Use this URL to cite or link to this record in EThOS: http://ethos.bl.uk/OrderDetails.do?uin=uk.bl.ethos.669713
Title: Studies on ribosomal oxygenases
Author: Sekirnik, Rok
ISNI:       0000 0004 5369 3904
Awarding Body: University of Oxford
Current Institution: University of Oxford
Date of Award: 2014
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Abstract:
The 2OG oxygenases comprise a superfamily of ferrous iron dependent dioxygenases with multiple biological roles, including in hypoxia sensing, transcriptional control, and splicing control. It was recently proposed that 2OG oxygenases catalyse the hydroxylation of ribosomal proteins in prokaryotes (ycfD) and in humans (NO66 and MINA53), raising the possibility that 2OG oxygenases also control translation. The work described in this thesis concerned investigations on the biochemical and functional aspects of prokaryotic and mammalian ribosomal protein hydroxylases (ROX) in vitro and in cells. An efficient chromatographic system linked to mass spectrometric analysis (LC-MS) was developed for studying the masses of individual ribosomal proteins (>90% coverage of ribosomal proteome) to ±1 Da accuracy. It was demonstrated that ycfD catalyses the hydroxylation of R81 on L16 in E. coli, in a manner dependent on atmospheric oxygen levels. YcfD deletion results in growth phenotype at low temperatures and in minimal medium, and in decreased global translation rates in minimal medium; ycfD deletion does not affect translational accuracy and ribosome assembly. Furthermore, ycfD-deletion results in increased sensitivity to the antibiotics chloramphenicol and lincomycin. Consistent with a 2OG-oxygenase mediated mechanism of antibiotic resistance, chloramphenicol sensitivity of the E. coli wild-type strain could be increased by inhibiting the activity of ycfD by removing co-factors required for catalytic activity (Fe(II) and O2), and, at least in part, by using a ycfD inhibitor, IOX1, which inhibits ycfD with IC50 of 38 μM in vitro. The therapeutic potential of a post-translational modification mediating antibiotic resistance provides an opportunity for medicinal targeting of ribosome-modifying enzymes, for example ycfD, which may be more ‘druggable’ than the ribosome itself. In co-treatment with an existing antibiotic, such as chloramphenicol, a small molecule inhibitor would achieve a potentiated antibiotic effect. Structural aspects of ROX hydroxylation were pursued by characterising a thermophilic ROX-substrate complex; a ycfD homologue was identified in the thermophilic bacterium Rhodothermus marinus and shown to be a thermophilic 2OG oxygenase ycfDRM, acting on R82 of ribosomal protein L16RM. The activity of ycfDRM in cells was limited at high growth temperature and oxygen solubility was demonstrated as a likely limiting factor of ycfDRM activity, thus identifiying a potential 2OG oxygenase oxygen sensor in prokaryotes. A crystal structure of ycfDRM in complex with L16RM substrate fragment was determined to 3.0 Å resolution. Structural analyses suggested that ycfDRM contains 30% more hydrophobic interactions and 100% more salt-bridge interactions than ycfDEC, suggesting that these interactions are important for thermal stabilisation of ycfDRM. The structures reveal key interactions required for binding of ribosomal proteins. Substantial structural changes were observed in the presence of the substrate fragment, which implies induced-fit binding of the L16RM substrate. The work has informed further structural studies on the evolutionarily related human ROX, NO66 and MINA53, for which substrate structures have been obtained since the completion of the work. The LC-MS analysis of ribosomal proteins was extended to mouse and human cells to demonstrate that the human ROX homologue of ycfD, MINA53, hydroxylates the 60S ribosomal protein rpL27a in cells. It was demonstrated that rpL27a hydroxylation is widespread and found in all mouse organs analysed, as well as in cancer cell lines and in clinical cancer tissues. A partial or complete reduction of rpL27a hydroxylation was observed in a number of clinically identified MINA53 mutations from the COSMIC database of cancer mutations. Structural analysis suggested that mutations occur more frequently at structurally important regions of MINA53, including the βIV-βV insert in the core fold of MINA53. The identification of inhibiting clinical mutations suggests that rpL27a hydroxylation level could be used as a cancer mark, and in the future for selective inhibition by ribosomal antibiotics. The work presented in this thesis demonstrates that it is possible to selectively inhibit modified ribosomes; an inhibitor of unhydroxylated rpL27a could therefore, at least in principle, be active against the sub-set of tumours with inactivating mutation(s) of MINA53, but not normal tissue. Future work should therefore focus on identifying a selective inhibitor of unhydroxylated eukaryotic ribosomes which could be applied for treatment of cancers harbouring deactivating MINA53 mutations. The same approach could be applied to other ribosome modifications (to rRNA, ribosomal proteins, and ribosome-associate factors) that are different in cancer compared to normal cells.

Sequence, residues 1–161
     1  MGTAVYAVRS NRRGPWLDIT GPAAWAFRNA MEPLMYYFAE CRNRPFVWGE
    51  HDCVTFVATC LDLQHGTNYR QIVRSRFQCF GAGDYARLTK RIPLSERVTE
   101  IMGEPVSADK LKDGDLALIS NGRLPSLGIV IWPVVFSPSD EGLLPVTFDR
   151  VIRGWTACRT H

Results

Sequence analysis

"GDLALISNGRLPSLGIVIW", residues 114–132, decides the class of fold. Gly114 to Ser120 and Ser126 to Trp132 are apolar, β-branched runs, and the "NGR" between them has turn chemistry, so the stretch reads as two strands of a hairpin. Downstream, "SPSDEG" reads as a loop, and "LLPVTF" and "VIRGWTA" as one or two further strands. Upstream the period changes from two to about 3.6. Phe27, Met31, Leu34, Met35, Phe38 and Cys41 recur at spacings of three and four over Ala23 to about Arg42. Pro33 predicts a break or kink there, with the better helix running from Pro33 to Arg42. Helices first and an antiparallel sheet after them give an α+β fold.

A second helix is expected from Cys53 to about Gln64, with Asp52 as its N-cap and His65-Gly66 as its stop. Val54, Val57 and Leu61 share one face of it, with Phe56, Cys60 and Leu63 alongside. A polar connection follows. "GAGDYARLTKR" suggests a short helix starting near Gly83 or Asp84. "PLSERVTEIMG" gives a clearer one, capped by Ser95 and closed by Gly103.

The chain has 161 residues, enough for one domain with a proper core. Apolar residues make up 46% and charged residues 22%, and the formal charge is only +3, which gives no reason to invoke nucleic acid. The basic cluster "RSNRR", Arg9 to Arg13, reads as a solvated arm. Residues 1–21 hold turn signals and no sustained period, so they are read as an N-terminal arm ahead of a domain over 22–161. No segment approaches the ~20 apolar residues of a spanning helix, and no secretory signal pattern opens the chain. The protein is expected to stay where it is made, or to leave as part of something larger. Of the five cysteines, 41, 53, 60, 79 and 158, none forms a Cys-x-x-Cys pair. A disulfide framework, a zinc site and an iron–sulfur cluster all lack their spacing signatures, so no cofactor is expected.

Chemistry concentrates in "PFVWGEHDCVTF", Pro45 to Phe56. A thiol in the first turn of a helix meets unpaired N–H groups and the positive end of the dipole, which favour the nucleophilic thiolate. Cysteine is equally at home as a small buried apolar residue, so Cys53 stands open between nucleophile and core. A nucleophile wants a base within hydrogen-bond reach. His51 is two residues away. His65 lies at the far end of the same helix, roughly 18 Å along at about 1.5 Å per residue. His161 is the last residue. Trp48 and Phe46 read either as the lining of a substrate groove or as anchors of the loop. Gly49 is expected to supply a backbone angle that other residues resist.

Supervisor: Schofield, Christopher J. ; Ratcliffe, Peter J. Sponsor: Cancer Research UK
Qualification Name: Thesis (Ph.D.) Qualification Level: Doctoral
EThOS ID: uk.bl.ethos.669713  DOI: Not available
Keywords: Antibiotics ; Chemical biology ; Crystallography ; Enzymes ; Protein chemistry ; Protein folding ; Molecular biophysics (biochemistry) ; oxygenases ; ribosome ; translation ; post-translational modifications ; protein structure ; enzyme inhibition
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